By his own admission Siempre Más Allá took root during three tours to Mexico undertaken under the aegis of the Fédération des Alliances Françaises du Mexique. The virtually all-Afro-Cuban repertoire of the album radiates charm at every turn. These disarmingly natural and eloquent performances bring out the music’s inherent drama and penchant for tumbao with a deft touch while indulging Brandeis’ lyrical instincts to the full. Meticulously balanced, the four quartet pieces, the trio and duo pieces feel as if they are chamber works. Brandeis’ astonishingly insightful playing is musically captivating and technically blemishless. Each phrase rings so completely true that one can’t imagine the music played any other way.

Adrien Brandeis: Siempre Más Allá
Adrien Brandeis: Siempre Más Allá

The album features Mr Brandeis and a group of very accomplished musicians. These include the celebrated Cuban percussionist Roberto Vizcaíno Guillot [on two tracks] and his son Roberto Vizcaíno Jr., Mexican drummer José Loria Triay make up the wall of percussion. The Brasilian bassist Giliard Lopes brings his distinctive veritas to the whole rhythm section. The big surprise here is, perhaps, the presence of the great Cuban Horacio “El Negro” Hernández sitting in the drum chair on La buena vibra.

Siempre Más Allá is an affirmation of Brandeis’ enduring love and natural affinity for Latin music. Not surprisingly the music seems to echo the famous Latin American phrase: “¡Que rico bailo yo!” [which, in English, exclaims: “How well I dance!”]. This is no hyperbole as the music – in its pulses and rhythms show as Brandeis traverses the rhythmic topography of the Caribbean and Latin America. Along the way Brandeis plunged into the world of changüí, the chacarera, Brasilian gaucho music and the ancient melodic thunder of bàtá drums.

From the get-go listeners will find themselves immersed in quite another world of rippling percussive grooves. The track Ek Bakam, for instance, conjures the intricate architecture; the line and flow of an epic Mayan civilisation located in the Yucatan. Narratives from the Latin world abound – often paying homage to famous traditional musicians. Pancho’s Power is one such chart inspired by the vivid world of the legendary trio Los Panchos. Brandeis gives his percussion section a lot of space when he puts the spotlight on them on Tierra de Oportunidades – a wistful memory of the pianist’s three tours to Mexico, which is also incidentally the popular provincial slogan of the Mexican state of Guanajuato. On Huachi-Huachi Brandeis digs deep into the epicurean delights of the only Latin country in North America with this song in praise of a kind of gourmet Mexican fish: the huachinango.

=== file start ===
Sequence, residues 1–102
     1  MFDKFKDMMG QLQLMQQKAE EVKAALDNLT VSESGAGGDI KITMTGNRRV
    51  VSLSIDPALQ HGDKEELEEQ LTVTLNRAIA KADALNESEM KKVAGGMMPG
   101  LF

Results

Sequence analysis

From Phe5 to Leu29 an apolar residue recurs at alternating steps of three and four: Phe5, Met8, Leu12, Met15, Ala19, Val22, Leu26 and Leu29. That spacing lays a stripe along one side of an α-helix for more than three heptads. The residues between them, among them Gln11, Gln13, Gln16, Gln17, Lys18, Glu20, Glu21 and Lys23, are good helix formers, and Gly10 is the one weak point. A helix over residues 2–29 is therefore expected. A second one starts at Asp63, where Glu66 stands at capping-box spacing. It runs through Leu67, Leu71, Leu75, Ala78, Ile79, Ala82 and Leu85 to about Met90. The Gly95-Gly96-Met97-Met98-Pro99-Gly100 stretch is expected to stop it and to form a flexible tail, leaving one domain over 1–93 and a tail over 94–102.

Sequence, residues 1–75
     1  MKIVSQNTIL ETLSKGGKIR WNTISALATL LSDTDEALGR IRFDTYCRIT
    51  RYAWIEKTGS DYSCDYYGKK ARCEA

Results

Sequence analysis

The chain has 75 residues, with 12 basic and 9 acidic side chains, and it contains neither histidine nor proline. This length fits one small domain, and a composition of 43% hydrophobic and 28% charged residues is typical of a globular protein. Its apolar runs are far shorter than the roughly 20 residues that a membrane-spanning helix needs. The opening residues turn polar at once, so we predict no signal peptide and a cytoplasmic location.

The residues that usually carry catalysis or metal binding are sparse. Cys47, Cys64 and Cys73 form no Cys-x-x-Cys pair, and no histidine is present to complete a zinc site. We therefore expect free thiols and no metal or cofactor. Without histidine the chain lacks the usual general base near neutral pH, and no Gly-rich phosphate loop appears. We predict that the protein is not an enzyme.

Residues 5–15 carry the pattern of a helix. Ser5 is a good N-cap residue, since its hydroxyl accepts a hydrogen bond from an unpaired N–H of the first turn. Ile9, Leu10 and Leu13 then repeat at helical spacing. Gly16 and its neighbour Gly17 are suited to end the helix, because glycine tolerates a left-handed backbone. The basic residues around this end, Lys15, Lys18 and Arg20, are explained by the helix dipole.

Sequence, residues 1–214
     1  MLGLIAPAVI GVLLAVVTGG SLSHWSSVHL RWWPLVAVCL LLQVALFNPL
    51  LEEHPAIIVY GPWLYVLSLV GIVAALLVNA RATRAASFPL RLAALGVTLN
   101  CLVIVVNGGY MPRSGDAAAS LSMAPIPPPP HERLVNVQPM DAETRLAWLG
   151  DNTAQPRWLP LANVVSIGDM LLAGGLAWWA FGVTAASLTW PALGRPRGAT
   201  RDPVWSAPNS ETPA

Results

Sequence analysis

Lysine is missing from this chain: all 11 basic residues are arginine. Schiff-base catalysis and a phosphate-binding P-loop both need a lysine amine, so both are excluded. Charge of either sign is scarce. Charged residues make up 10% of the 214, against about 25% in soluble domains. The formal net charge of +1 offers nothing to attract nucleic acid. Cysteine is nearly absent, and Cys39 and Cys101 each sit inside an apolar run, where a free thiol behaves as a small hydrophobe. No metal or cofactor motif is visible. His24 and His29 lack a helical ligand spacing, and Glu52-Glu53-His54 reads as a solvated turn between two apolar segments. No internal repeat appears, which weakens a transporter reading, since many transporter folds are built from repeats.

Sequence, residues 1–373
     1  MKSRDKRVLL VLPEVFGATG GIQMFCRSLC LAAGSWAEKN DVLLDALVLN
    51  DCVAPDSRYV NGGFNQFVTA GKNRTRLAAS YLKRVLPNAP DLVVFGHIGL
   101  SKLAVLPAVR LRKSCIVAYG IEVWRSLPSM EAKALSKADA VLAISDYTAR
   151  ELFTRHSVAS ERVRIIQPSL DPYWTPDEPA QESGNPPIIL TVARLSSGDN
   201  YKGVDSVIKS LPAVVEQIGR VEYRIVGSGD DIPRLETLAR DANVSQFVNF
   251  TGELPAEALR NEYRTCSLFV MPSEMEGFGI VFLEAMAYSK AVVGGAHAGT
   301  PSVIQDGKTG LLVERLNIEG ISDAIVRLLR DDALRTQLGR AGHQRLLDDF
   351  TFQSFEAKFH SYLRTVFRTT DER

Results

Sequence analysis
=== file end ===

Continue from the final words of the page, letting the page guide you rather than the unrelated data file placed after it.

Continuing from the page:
Brandeis then celebrates his association with percussion colourist Roberto Vizcaíno Jr. with the extraordinary music of Vizcaíno Blues, a piece unique with its exploratory chromaticisms and elegant sonorities that beautifully capture the eloquence of the percussionist in whose praise the music is written. Mindful of the fact that Vizcaíno is Cuban but makes his home in Mexico, Brandeis shapes the rhythmic and harmonic palette of the piece accordingly. On La Buena Vibra Brandeis delivers astonishing pianistic fireworks in the piece’s melodic and harmonic lines, played at a frenetic pace, to mirror the style of its dedicatee, Michel Camilo. The pianist demonstrates an authentic home-grown grasp of Cuban music as he reimages Voy a Apagar la Luz, by the legendary and late-singer Armando Manzanero, here adapted as a wistful solo piano work. Meanwhile on the dizzying ride of Humpty Dumpty the pianist pays homage to another idol: Chick Corea, by revisiting the sparkling composition of the recently-deceased piano maestro.

It is hard not to be mesmerised by this spirited and finely nuanced music artfully crafted in an album by Adrien Brandeis, a pianist who is about to take the world by storm with a recording that is going to be one of the finest by any musician located outside the Latin American sub-continent.

Deo gratis…

Tracks – 1: Huachi Huachi; 2: Alegría; 3: Pancho’s Power; 4: Ek balam; 5: Un peu d’espoir; 6: Vizcaíno’s Blues; 7: Tierra de oportunidades; 8: Humpty Dumpty; 9: La buena vibra; 10: Voy a apagar la luz

Musicians – Adrien Brandeis: piano; Giliard Lopes: contrabass; José Loria Triay: drums; Roberto Vizcaíno Jr: congas and bàtá drums. Featuring Roberto Vizcaíno Guillot: percussion [1, 6]; Horacio “El Negro” Hernández: drums [9]

Released – 2022
Label – Mantodea Music Productions
Runtime – 58:25

YouTube Video – Adrien Brandeis – Siempre más allá (EPK)

YouTube Audio – Adrien Brandeis – Vizcaíno’s Blues